depending on how high I roll under my skill value, or if I scored a crit’ will determine which special effects I might choose, and thus unless I end up with the option to select my desired special effect(s), then my described/intended attack choice becomes void.
    (a high success roll means that opposed roll special effect actions become more viable, 2 effects means an alternative combo can be applied.
    Perhaps we should declare an intended action / effect to use… then maybe a different option presents itself and we take that instead.
    Frankly I get frustrated… more so with low mood/energy and just resort to ‘I strikes at X with my hammer’ (It only sounds mildly better than, ‘I’m gonna try hit X again’).

    – The temperature and life or death pressures of combat also focus one (even in real life) down to primal, instinctual actions and thought patterns. I suppose when this occurs in RPGs, it means perhaps we are still roleplaying very much in character, that we become focused on move, shift, strike.. the simple tactical/survival decisions needed to keep us alive and defeat our foes.

    – I do get frustrated with not being able to tell if a foe has armour on without stopping to take ‘a good look’. At a glance I would argue I could at least see what body parts are covered … no need for a more detailed description of what specific type of armour.
    It’s easy to know that they have something either dull (leather/fabric) or shiny (metal) visible over body areas. Granted, a foe could be wearing a cloak over metal armour.. which could be anything from plate armour down to a chain shirt, but that might not be visible…. they could even have bare arms under that cloak …. but if their armour is exposed, I’d know instantly if their body / arms / head are covered, just as I’d spot what weaponry they’re using – shield, and axe perhaps?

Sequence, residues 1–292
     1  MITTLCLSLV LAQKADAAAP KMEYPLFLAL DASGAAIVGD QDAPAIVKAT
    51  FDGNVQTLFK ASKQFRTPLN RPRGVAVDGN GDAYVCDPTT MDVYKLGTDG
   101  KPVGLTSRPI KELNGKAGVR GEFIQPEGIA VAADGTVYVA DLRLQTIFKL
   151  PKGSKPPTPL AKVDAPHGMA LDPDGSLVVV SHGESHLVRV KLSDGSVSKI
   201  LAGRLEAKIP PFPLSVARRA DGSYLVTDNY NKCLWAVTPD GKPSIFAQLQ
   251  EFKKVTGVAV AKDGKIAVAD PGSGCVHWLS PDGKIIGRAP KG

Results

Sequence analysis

Depending on my stance/view it may take longer to see if legs are covered.
    Extra details of how good the armour is, what type, what type of shield / axe, any sidearms etc… would take longer.

    – Initiative ordered actions, while necessary for fairness and structure also force us the break immersion a little.
    Skipping SirGuy’s activation irked me when Derek had to take a call, but it made sense at the time to keep flow and I was pleasantly surprised u let him take that action later in the round. .. that made it feel less like a ‘dither’ and more like a waited action. It wasn’t his choice to dither.
    It’s one of those odd things with the initiative function, essentially everything is happening almost simultaneously and yet one thing slightly out of order can hugely determine what someone is able to do, rather then take an opportune opening.
    Systems and GMs can have very different rules/rulings for how this is interpreted and it can make things either chaotic to track or allow for a little more rule of cool, depending on circumstance and if it becomes abused.